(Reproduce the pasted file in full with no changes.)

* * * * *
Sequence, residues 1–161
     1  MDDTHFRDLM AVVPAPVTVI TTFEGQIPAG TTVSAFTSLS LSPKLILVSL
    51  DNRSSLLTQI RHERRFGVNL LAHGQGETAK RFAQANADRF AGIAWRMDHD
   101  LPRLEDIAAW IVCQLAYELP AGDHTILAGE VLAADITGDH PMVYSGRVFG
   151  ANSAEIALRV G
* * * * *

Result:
Sequence, residues 1–161
     1  MDDTHFRDLM AVVPAPVTVI TTFEGQIPAG TTVSAFTSLS LSPKLILVSL
    51  DNRSSLLTQI RHERRFGVNL LAHGQGETAK RFAQANADRF AGIAWRMDHD
   101  LPRLEDIAAW IVCQLAYELP AGDHTILAGE VLAADITGDH PMVYSGRVFG
   151  ANSAEIALRV G